That would be distressing enough, but it is equally head-spinning to watch untold numbers of people who were full #ACAB just a few weeks ago now enthusiastically gear up to run defense for the inspirational pairing of one of the chief architects of American mass incarceration and a career prosecutor. All it took was adding a new character to the storyline, and people who might have surged into the streets in June are now warning any dissenters to shut the hell up.

Let me stress: I very much want Donald Trump to lose and Joe Biden to win. I don’t think they are equally bad. Trump is worse. There is a lot at stake in November. Republicans must be removed from power. I do not underestimate the historic nature of Kamala Harris’ candidacy. The racist attacks on her are disgusting. I’m sure I will appreciate it when she sticks it to Mike Pence at their debate.

But the next time that people wonder why our leaders betray us so often, they should think about how little we actually demand of them.

We unilaterally disarm ourselves over and over again. We tell ourselves that now is not the time to ask questions, that there will be a better moment to push, that the system is the system and there’s nothing to be done about it. And then we see our political leaders go on vacation during a time of mass unemployment and housing insecurity. We witness the supposedly progressive party choose two cops to preside over this specific moment in history. We watch Wall Street and Big Tech cheer as, yet again, any significant threat to their grip on our lives appears to have faded. If you think there is no connection between all of these things and the fact that masses of ordinary people gladly echo the message that it is routinely dangerous to question the choices our politicians make, you are fooling yourself.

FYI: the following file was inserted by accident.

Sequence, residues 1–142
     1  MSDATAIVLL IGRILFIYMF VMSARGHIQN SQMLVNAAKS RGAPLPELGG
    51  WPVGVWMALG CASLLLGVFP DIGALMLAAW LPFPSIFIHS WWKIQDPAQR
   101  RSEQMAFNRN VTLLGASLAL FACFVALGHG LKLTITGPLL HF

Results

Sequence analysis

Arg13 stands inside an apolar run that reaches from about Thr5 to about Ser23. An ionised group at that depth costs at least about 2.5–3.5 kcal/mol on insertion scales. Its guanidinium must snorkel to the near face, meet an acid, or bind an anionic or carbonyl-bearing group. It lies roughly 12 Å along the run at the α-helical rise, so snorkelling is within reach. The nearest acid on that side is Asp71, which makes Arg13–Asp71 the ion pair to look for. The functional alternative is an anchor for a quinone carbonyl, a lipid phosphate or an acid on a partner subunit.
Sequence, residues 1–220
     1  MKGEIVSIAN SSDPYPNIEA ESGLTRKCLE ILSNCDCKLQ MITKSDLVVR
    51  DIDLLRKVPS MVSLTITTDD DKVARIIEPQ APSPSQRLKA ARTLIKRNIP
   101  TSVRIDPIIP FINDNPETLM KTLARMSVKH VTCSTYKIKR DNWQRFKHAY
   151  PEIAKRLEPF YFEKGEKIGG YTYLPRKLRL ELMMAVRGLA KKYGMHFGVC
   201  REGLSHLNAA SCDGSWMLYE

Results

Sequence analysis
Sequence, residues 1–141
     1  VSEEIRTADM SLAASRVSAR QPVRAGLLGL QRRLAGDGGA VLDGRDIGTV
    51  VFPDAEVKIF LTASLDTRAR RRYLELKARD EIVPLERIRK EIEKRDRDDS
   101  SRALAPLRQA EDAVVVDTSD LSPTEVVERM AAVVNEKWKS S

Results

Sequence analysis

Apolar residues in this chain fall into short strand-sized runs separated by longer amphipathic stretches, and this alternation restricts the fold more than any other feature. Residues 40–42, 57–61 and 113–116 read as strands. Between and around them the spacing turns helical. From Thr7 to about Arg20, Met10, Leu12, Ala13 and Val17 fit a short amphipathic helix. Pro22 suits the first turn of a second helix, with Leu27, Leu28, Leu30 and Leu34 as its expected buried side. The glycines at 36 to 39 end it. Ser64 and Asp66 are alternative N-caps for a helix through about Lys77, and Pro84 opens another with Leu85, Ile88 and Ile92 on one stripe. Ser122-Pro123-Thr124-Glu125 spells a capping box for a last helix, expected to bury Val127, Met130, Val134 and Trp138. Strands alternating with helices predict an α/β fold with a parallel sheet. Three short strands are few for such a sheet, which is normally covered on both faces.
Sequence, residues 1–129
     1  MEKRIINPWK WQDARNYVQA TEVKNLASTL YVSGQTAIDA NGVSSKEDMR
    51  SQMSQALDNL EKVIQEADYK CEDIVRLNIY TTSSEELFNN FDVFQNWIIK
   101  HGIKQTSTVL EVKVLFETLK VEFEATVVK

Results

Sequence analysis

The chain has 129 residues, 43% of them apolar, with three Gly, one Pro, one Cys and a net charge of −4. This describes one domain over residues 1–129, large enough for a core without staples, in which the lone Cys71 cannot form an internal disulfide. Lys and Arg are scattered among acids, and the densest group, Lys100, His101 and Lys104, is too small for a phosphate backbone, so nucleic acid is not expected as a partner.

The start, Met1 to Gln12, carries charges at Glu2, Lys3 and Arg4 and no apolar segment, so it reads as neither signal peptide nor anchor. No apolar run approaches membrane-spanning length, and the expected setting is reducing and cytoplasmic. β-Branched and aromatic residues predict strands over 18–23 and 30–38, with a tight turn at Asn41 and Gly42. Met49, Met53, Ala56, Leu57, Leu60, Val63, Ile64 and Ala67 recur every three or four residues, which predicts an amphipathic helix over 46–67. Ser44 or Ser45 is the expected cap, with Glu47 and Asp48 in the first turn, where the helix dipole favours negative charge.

It is, on one level, quite understandable that this happens. Governments have immense power over our lives. They can cause great harm. People are afraid, very justifiably, about that. But that feeling also comes from the sense that we have very little control over what politicians do once they get into office. They will make decisions of enormous consequence and there is not much to be done about it except, maybe, to wait a few years and vote them out. But then the election comes around, and guess what? There’s too much on the line. The other side is worse. It’s not the right moment to speak up. What do you want, the Republicans to win? How could you care so little about the country?

Let me stress, again: This is not some call to boycott the election. The election matters. It is very important who runs the government. But we have to ditch this destructive, paradoxical idea that exercising our democratic rights is a threat to democracy. And we can’t channel all of our political energy into an electoral system that is designed, from top to bottom, to resist true change. That way lies certain doom.

If our leaders could not rely so much on our quiescence, perhaps they would be more responsive to our needs. Perhaps we would feel a little more in control of our fate, and a little less afraid of the people in charge. Perhaps they would be more afraid of us. And perhaps things would actually get better for a change.